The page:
Lesson in helping Nepalese children

2021-03-03 12:05:29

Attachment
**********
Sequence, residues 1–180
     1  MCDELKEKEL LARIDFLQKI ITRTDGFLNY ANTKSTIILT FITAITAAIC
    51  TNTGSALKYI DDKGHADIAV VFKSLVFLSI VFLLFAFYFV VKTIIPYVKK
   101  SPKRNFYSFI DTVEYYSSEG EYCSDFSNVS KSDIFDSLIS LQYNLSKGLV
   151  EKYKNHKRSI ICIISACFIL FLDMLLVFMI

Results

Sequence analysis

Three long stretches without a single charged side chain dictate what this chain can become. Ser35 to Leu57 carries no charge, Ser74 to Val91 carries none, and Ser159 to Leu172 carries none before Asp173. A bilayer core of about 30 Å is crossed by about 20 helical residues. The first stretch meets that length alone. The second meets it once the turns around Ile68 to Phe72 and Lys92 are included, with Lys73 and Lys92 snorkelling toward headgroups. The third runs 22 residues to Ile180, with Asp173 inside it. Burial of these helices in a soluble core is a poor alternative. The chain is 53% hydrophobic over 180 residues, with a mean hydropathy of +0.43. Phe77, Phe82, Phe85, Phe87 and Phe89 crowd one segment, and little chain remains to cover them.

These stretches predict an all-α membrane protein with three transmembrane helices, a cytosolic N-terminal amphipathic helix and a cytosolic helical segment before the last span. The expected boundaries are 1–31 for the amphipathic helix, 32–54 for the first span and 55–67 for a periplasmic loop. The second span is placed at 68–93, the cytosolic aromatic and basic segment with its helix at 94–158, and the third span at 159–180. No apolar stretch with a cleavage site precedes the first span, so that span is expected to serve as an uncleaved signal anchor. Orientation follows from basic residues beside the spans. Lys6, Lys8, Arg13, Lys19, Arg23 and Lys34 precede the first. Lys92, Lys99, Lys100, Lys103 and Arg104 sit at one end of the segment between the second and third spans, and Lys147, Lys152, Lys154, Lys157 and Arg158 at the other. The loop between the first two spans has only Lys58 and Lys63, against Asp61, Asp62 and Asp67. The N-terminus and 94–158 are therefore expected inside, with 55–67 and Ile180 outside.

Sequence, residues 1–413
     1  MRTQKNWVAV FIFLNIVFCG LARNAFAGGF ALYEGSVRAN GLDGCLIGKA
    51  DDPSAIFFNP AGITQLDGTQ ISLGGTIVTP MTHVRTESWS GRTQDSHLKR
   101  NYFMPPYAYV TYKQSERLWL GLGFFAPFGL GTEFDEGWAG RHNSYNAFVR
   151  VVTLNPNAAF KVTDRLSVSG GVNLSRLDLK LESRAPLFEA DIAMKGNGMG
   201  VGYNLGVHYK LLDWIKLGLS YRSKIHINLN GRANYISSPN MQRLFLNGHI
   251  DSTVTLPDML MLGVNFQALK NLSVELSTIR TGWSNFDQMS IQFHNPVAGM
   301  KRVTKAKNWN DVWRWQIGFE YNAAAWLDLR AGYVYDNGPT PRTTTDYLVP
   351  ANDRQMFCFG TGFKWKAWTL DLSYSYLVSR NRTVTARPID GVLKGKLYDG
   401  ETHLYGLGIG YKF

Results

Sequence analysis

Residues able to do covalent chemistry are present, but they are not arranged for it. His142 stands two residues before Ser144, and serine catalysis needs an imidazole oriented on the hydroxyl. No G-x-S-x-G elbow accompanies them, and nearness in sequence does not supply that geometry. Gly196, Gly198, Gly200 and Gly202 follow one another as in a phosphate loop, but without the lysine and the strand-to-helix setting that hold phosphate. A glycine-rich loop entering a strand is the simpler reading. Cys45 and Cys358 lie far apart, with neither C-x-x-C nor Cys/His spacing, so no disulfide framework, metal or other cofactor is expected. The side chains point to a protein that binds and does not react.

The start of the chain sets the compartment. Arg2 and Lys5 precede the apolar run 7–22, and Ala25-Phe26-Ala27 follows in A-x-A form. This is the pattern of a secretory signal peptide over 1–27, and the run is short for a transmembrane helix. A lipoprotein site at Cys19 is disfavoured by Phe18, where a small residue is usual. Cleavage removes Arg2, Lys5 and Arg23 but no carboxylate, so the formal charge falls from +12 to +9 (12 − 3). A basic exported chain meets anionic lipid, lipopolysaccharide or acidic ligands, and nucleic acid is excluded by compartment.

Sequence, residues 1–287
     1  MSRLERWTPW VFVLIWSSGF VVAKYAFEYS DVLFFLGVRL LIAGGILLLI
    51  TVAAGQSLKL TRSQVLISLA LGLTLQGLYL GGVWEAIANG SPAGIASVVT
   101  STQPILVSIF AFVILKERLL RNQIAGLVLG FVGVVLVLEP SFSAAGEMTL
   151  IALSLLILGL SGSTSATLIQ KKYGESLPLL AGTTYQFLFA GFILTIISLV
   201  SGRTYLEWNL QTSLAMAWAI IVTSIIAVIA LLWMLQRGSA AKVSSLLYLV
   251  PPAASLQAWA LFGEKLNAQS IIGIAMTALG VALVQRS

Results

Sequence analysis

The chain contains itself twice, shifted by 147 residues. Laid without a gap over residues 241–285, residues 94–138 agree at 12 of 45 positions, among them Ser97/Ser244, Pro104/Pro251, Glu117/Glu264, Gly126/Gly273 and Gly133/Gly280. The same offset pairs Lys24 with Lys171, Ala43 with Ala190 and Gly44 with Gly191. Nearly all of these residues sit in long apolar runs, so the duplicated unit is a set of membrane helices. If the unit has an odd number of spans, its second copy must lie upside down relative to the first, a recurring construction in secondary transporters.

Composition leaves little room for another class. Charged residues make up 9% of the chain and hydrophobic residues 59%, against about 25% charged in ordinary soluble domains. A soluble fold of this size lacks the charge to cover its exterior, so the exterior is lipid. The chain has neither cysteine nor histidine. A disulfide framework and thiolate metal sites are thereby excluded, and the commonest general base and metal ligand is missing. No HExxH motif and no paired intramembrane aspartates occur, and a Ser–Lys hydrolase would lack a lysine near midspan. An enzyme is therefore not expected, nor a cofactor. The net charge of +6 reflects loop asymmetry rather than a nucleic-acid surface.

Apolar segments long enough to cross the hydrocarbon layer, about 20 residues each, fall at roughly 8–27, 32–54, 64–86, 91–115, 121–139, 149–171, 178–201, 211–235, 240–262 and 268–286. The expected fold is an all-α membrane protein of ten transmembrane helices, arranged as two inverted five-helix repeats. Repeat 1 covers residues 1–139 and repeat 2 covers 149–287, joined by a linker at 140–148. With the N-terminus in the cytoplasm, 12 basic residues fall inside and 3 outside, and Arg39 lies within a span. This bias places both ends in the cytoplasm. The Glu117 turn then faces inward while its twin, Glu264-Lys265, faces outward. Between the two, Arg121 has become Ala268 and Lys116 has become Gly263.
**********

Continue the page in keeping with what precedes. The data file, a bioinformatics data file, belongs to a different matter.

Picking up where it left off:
KATHMANDU -With the Durbar High School building in Nepal rebuilt by the Chinese government, at a cost of $7.24 million, student enrollment has increased like never before. The multi-facility building, shared by two schools, Bhanu School and Sanskrit High School, had around 430 students combined last year. However, there has been a huge surge in their numbers after the Chinese government handed over the property to the school management committee. Both schools now have 626 students combined, up by more than 40 percent. Bhanu School has 314 students, more than double than the number prior to the reconstruction, and Sanskrit High School now has 312 students. "The attractive building with well-equipped science and computer labs and auditorium is the primary factor for encouraging enrollment of the students," Akhilesh Azad, principal of Bhanu School, told Xinhua News Agency recently. "A majority of the new students have come from private schools and we are receiving enquiries for new admissions on a daily basis." Though the building was ready to come into operation last year, lessons with the physical presence of students started only in late January. Constructed in 1891, the building was in a dilapidated condition after it was destroyed by the devastating earthquake in 2015. The school had to be relocated to Balmiki College premises in Bhrikutimandap, some 500 meters east of its original location. The foundation stone for the building was laid in August 2018 and it was handed over to the school management by the Chinese government in September. Students say they are excited to be studying at the new building which is probably among the best-equipped public schools in the country and better than most private schools. "I cannot express how excited I am to study in such a sophisticated building," says Balram Dulal, a student at Bhanu School. "After years in a dilapidated and makeshift structure we are finally in classrooms that are unbeatable." The new infrastructure has attracted dozens of students from private schools as well, which is a rare trend in Nepal. Aayush Devkota, a sixth-grader, is among those students who have left private schools. He left a private school in Nayabazar Kathmandu, to join Sanskrit school. "The day I saw this building, I decided this is going to be my new school," he says. "Not just because of its exterior appearance, the building has everything a proper school needs to have. It is better than the private school I had been studying at all these years." Separate desks and benches for each student, well-ventilated classrooms and labs for practical education are all attractions for the students. Teachers from both of the schools housed in the building are elated at their increased attraction to students. "The new building has come as an opportunity to revive the lost glory of Durbar High School," says Shiva Raj Adhikari, principal at Sanskrit High School. "We have a sound infrastructure. Now the challenge is to deliver quality education." The modern, 42-room building has the capacity to accommodate around 1,000 students.